In a previous blog post, I described an instance of two fencers quickly learning from each other because their skill sets meshed together just so. That happened the last evening again, and this blog post is a description of that session.

Both fencers are quite green, and roughly equally matched. However, their strengths and weaknesses do not match up so that they are near-clones of each other, and that is the situation that allows for the fast learning experience, as I pointed out in that previous blog post.

The fencer on the left is bigger, stronger, has greater reach, and a more even temperament. The fencer on the right has a few competition´s worth of competitive experience, and is decidedly better at getting the single light when both weapon tips are close to their respective targets. In this lesson, I was coaching both fencers, so there was no specific student and opponent. I will therefore use the old standby shorthands FoTL and FoTR, respectively.

The tempo in the two first bouts was tentative at best. Most phrases would look like this: both fencers start out slow moving against each other. FoTL took control over where they fenced, by using his superious reach and strength to force a hit. If he did not reach total dominance over the blade of FoTR, the latter would often manage to score something through scrappy infighting, preceded by a ceding parry. They were quite evenly matched when they did this, so both of the two first bouts ended 5-4 in favor of FoTL.

Note that both fencers showed a bit of strategic understanding by choosing actions that matched their abilities and limitations – FoTL got a lot out of using his superior physicality, and FoTR through using ceding parries, worked past his limitations in raw muscular power in the best possible way.

I then told both fencers to increase the tempo from the Allez command to time when they crossed blades. This worked very well for FoTL. With a higher tempo, he was able to take control over the interaction to a degree so that FoTR was stuck in a purely reactive mode, and often did not get time to get his ceding parries into play. The points scored in the 3rd bout really nailed the point home – FoTL got to a 4-2 lead, and all of his 4 points were scored after moving quickly, while the two points scored against him happened when he moved just a tad bit slower. The last point – 5-2 – was a bit different (failed attack by FoTR followed immediately by a successful counterattack by FoTL), but the overall take-home lesson was plainly visible.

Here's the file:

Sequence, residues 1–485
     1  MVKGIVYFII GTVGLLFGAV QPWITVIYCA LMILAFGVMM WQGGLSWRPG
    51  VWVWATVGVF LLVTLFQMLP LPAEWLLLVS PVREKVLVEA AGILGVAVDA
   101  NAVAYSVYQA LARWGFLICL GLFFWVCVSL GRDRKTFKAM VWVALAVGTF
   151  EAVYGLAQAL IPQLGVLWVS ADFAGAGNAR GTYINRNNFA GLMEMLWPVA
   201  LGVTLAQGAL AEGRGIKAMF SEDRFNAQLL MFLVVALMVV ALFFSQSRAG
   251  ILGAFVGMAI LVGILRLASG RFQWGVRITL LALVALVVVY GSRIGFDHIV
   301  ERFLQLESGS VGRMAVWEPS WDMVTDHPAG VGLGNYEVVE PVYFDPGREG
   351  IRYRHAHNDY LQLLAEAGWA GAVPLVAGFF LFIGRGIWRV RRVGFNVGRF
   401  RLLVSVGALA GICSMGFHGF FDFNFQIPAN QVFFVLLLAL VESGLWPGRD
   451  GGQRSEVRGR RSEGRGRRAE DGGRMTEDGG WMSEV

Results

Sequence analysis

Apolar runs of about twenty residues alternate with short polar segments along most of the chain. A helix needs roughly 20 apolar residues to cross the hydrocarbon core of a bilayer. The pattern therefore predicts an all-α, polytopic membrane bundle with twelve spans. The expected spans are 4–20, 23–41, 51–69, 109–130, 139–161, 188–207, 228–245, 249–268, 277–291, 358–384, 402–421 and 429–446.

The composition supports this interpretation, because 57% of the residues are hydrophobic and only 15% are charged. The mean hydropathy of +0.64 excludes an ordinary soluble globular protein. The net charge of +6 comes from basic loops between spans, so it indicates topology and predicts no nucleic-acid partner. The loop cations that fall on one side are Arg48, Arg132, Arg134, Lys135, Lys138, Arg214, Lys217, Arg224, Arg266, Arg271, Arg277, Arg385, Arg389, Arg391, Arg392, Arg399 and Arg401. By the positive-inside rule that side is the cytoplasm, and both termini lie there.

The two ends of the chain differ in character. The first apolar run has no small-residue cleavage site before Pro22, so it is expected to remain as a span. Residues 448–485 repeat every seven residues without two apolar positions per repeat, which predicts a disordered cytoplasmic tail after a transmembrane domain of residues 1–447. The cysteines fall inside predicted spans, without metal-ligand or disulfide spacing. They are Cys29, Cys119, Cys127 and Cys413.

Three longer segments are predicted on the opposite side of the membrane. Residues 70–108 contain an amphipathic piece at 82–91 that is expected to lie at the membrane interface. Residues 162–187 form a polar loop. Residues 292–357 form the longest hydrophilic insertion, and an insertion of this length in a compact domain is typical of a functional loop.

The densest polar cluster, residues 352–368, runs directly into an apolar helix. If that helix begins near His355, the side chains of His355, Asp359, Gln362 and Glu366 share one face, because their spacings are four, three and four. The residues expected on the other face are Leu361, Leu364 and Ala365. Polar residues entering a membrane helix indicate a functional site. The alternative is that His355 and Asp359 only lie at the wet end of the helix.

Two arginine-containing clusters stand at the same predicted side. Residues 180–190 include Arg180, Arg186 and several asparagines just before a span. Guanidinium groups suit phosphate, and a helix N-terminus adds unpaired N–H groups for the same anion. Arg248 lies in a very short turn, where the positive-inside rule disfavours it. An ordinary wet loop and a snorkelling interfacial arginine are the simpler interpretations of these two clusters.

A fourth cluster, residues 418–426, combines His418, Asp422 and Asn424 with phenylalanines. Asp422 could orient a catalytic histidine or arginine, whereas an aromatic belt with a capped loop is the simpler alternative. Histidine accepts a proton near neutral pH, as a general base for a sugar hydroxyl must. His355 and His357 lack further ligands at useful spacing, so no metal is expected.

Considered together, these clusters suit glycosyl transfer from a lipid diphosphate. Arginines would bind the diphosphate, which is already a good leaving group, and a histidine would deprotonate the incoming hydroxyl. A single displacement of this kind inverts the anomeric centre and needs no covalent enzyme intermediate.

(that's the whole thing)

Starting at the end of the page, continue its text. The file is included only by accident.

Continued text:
I hammered the point home after the 3rd bout, and FoTL took it to heart. In the fourth bout, he did not revert to any sloppy slow-speed attacks, but instead focused on doing the high-speed attacks each and every time. It worked like a charm – 5-0.

I now had to help FoTR, after four consecutive losses on his part. I took him aside, and pointed out that he knew that FoTL would be coming at him, guns blazing, from the get-go and that nothing could be done at that in the short term. I then pointed out how he could use that to his advantage. Since FoTL is bigger and heavier compared to FoTR who has a smaller and wirier frame, it should be possible to control the game in the lateral directions. Since FoTR is smaller and has the better ceding parries of the two, then FoTR should let FoTL collapse the distance, take the blade of FoTL with a ceding parry, and then simultaneously do three things: push the tip coming against him in one lateral direction, move his body in the other lateral direction, and do a crossover step that got his tip close to FoTL while at the same time put the tip of FoTL beside and behind the body of FoTR, a position in which it was of no concern.

The whole thing is based on the idea of using the greater momentum of FoTL against him – if FoTR managed to redirect that momentum just enough so that the tip passed beside him, then it should be possible for the smaller FoTR to do quicker changes in movement direction and speed so that he could get within striking distance.

FoTR seemed sceptical at first, but then they started bouting again. As soon as FoTR got the hang of the principle, he struck payoff. When he slacked off and started letting FoTL controlling the position of his own tip so that it would be in front of FoTR, then FoTL would usually score. FoTR was however the one who was best at sticking to his game plan, so bouts #5 and 6 both ended 3-5 in favor of FotR. Vindication!

We were running low on time, so there was only time for one more bout. By then, FoTL had started to wise up to all this lateral movement, and tried his best to not let FoTR impose his gameplan upon him. They were more or less equal until 4-4 – and then FoTR managed to score the last point of the training session with yet another lateral transport. Three straight wins once he got the key to how to do it!

So, what are the lessons to be drawn from this training session? In my opinion, there are four big ones:

  1. When fencers fulfill the criteria for zigzag learning, one can have an especially fruitful session. Coaches should try to pair up fencers so as to maximise the instances of this happening.
  2. If you fix the single weakest part of your game, it can have dramatic effects for the better. FoTL did not change anything really between games #1 and #4 apart from speed, and that single change took him from a 5-4 nailbiter to a 5-0 overwhelming win.
  3.  If you are shorter and/or weaker than your opponent, it really pays off to learn how to transport their blade quickly and laterally.
  4. Figure out how to use your opponent’s momentum against himself.

After two training sessions like this, I will make it a priority to try to pair off students in such a manner so that I get more of them. For the coaches out there: try it out, and report your experiences!